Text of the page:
I didn't? Thread title notwithstanding let's try not to blatantly misrepresent one another's arguments.
There's a reasonable treatment of the Law of Return on wikipedia, with pros and cons, however the whole "controversial subject on wikipedia" drama has played out, and it seems to contradict what you're saying about spouses, for starters.
Given the complex religious/ethnic/cultural questions of Jewishness, it's not surprising that the law of return has run into some strange issues and been a source of controversy. Just making it out to be immigration-policy-of-formal-racism - I'd think the White Australia policy would be the go-to analogy for that argument - is at the very least historically inexact, and imo unconvincing.
The present Israeli cabinet has racists in it enacting racist policy and there's racism in Israel's history (as there is racism in the history of other countries and national movements involved in this discussion.) That doesn't justify an anachronistic and leading interpretation of the Law of Return, where it came from, what it was for, etc.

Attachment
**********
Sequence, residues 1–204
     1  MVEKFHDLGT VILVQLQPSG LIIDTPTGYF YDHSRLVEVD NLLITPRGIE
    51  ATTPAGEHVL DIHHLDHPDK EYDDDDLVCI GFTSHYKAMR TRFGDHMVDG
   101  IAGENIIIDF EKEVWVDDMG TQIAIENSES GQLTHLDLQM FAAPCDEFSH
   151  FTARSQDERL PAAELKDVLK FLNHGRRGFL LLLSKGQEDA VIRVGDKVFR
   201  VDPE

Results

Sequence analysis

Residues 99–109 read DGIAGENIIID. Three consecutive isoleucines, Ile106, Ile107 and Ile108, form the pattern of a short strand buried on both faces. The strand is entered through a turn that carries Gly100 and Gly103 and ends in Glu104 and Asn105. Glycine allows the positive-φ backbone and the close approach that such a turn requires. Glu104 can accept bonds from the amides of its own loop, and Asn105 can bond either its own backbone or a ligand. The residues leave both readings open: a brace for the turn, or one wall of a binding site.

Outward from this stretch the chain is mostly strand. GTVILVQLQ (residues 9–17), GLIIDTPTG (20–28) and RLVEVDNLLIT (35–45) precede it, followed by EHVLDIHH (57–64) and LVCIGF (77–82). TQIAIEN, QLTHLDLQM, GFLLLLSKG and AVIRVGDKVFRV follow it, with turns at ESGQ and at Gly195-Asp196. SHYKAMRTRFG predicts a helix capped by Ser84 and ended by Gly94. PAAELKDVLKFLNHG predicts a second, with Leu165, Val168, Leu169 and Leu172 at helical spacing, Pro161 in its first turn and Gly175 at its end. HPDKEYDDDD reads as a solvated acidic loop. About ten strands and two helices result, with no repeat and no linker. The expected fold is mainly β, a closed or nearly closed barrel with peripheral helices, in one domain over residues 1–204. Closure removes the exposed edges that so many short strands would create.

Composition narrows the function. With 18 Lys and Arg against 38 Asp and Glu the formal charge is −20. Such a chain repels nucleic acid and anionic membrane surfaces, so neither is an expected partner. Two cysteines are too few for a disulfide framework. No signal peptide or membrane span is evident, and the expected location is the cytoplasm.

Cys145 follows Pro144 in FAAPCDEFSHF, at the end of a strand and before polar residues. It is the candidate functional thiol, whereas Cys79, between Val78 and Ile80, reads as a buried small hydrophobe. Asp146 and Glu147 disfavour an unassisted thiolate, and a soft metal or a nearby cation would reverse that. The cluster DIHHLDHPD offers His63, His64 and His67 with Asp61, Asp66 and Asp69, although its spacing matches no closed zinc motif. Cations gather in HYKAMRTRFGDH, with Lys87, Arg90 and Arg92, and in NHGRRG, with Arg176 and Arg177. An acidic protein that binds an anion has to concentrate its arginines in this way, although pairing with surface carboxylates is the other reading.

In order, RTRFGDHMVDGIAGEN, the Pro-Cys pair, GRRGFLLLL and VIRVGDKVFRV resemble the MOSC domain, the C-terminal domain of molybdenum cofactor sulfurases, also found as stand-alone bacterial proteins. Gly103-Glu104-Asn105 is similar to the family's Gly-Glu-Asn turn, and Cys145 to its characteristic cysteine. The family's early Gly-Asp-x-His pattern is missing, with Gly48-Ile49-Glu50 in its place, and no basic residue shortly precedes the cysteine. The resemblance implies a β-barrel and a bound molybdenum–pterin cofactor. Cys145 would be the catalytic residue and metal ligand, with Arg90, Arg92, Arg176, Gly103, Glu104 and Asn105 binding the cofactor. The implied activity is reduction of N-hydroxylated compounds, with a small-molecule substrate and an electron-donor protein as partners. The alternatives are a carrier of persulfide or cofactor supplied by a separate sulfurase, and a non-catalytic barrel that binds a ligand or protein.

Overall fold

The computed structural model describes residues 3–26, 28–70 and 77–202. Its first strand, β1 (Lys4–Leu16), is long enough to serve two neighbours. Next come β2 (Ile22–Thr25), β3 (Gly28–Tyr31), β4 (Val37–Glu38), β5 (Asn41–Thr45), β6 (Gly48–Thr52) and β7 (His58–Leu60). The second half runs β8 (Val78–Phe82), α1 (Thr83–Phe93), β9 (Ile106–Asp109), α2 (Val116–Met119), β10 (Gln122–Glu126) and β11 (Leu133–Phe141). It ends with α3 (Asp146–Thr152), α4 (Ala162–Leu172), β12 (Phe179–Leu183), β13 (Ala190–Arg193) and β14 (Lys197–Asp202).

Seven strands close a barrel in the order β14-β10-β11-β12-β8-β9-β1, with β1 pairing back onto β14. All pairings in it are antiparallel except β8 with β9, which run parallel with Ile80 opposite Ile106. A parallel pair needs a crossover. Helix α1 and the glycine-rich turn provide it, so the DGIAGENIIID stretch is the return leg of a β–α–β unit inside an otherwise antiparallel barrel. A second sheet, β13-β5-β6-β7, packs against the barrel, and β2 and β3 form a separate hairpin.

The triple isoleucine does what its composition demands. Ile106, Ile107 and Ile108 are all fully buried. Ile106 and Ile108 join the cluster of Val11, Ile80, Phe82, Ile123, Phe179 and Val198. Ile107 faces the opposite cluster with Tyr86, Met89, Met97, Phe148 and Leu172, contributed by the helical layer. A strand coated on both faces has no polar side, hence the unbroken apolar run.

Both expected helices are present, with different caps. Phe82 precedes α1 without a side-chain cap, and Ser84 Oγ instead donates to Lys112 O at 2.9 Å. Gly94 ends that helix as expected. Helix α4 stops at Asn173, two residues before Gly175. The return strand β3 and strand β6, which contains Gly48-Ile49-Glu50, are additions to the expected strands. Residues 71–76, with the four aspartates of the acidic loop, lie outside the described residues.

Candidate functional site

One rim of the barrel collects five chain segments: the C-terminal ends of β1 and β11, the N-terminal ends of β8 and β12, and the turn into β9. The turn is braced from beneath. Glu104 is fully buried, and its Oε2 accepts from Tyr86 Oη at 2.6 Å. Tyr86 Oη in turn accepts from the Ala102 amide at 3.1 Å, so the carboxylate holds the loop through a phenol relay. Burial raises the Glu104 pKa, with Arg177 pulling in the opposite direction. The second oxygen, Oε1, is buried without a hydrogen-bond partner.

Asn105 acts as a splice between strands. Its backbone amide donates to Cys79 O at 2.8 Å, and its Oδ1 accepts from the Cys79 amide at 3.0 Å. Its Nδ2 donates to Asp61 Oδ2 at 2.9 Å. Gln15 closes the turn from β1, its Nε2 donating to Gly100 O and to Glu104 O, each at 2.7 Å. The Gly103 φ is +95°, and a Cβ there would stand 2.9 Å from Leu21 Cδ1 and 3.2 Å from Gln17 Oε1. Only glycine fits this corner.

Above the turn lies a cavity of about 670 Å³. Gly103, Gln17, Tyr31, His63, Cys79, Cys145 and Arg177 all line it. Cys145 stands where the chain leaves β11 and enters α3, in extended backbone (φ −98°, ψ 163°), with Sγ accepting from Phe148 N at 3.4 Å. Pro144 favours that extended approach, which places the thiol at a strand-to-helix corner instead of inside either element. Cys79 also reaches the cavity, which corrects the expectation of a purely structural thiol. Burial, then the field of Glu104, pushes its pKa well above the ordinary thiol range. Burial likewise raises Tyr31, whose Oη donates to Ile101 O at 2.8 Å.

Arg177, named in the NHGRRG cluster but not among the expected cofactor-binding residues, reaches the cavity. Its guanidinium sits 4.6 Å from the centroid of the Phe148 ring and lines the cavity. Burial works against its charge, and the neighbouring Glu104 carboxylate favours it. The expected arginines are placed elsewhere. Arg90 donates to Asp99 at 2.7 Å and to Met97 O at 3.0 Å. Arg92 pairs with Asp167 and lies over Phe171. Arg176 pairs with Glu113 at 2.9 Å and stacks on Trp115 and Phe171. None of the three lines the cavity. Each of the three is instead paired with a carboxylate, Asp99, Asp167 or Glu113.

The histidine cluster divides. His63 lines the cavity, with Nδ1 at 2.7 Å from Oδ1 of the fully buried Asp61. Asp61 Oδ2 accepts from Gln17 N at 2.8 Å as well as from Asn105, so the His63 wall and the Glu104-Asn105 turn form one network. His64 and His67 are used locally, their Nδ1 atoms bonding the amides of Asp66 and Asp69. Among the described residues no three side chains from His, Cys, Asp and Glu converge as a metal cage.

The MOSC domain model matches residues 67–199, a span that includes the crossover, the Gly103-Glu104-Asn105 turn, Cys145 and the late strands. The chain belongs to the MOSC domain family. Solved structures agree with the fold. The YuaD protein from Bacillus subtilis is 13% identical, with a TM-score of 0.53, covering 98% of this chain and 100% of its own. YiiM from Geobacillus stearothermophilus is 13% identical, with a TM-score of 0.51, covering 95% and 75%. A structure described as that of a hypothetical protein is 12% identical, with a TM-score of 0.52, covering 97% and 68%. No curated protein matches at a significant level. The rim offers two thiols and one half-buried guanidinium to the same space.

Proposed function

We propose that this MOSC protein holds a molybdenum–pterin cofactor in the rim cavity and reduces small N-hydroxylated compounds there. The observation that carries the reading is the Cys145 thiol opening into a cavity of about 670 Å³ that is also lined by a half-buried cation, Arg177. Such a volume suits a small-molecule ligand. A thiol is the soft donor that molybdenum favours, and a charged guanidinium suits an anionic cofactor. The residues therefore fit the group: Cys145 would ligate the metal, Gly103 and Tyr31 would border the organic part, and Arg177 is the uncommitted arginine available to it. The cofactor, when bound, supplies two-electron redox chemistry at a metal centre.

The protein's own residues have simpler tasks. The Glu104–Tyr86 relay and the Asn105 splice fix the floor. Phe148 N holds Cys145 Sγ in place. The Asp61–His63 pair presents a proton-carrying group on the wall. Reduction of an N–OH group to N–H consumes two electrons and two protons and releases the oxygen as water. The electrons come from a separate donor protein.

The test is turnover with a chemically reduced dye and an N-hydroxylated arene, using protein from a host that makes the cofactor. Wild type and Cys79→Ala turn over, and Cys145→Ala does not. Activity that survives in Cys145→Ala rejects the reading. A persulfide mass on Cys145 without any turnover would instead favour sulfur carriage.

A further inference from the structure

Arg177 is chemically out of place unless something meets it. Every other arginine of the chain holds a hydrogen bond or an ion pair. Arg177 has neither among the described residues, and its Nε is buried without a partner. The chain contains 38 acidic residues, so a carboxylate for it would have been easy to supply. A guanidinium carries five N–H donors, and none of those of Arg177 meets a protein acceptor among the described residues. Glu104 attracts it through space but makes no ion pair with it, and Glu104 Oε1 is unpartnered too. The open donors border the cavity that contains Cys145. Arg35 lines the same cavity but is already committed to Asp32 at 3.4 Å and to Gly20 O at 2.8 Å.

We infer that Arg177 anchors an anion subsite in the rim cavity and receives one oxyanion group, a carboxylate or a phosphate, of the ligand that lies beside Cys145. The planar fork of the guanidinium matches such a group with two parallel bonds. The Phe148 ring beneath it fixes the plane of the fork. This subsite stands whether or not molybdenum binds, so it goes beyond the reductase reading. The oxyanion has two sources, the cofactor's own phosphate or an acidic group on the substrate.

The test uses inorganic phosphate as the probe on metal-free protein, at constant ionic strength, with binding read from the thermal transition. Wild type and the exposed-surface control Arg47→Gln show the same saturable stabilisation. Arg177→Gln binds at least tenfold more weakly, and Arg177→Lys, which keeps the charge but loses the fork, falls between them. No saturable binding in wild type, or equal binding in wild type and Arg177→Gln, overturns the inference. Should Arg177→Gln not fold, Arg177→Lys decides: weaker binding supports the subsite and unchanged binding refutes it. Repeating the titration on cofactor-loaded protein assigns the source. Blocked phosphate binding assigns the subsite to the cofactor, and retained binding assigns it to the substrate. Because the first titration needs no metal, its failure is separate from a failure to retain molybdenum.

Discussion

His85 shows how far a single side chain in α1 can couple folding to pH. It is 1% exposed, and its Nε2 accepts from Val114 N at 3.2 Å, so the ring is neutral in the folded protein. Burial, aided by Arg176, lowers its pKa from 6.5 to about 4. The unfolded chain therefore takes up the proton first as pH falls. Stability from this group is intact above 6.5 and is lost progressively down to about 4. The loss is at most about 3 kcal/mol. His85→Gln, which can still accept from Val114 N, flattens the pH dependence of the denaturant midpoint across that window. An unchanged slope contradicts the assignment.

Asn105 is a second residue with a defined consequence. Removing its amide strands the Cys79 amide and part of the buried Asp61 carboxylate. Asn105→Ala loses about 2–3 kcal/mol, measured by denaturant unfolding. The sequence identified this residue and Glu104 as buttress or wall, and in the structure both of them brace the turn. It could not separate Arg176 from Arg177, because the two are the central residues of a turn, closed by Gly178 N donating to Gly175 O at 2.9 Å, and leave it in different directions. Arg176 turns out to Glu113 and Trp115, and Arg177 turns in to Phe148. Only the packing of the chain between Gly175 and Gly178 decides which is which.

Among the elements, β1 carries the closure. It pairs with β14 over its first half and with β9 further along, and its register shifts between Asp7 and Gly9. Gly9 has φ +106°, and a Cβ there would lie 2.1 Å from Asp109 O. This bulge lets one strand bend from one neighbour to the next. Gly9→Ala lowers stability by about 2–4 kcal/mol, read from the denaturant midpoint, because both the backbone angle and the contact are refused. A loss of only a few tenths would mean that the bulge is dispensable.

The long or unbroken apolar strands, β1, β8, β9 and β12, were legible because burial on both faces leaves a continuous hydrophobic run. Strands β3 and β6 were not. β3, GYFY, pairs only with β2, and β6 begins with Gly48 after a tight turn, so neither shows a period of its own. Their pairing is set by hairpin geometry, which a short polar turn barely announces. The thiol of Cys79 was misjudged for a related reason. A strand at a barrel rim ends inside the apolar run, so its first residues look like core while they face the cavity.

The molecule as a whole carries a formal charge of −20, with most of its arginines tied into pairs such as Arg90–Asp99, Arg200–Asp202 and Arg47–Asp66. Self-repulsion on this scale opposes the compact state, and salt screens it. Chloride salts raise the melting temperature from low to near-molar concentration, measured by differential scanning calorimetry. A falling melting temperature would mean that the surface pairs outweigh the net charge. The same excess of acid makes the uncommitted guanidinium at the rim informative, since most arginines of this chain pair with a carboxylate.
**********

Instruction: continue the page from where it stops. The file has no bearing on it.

I thought Israeli citizenship rules were more religious or ethno-cultural than racial. I thought if you convert to judaism you're able to get citizenship. Also, I'm not an expert, but I thought that there were a whole bunch of different ethnicities within the Jewish community, some of which are of different "races".
So what exactly did you mean by referencing a list of countries, like Germany, who give preferential treatment to former citizens and their ancestors, and saying "Israel's scarcely alone in having diaspora-oriented citizenship rules". I don't mind if that's not what you are saying, but it seems to me that was a reasonable interpretation of what you wrote.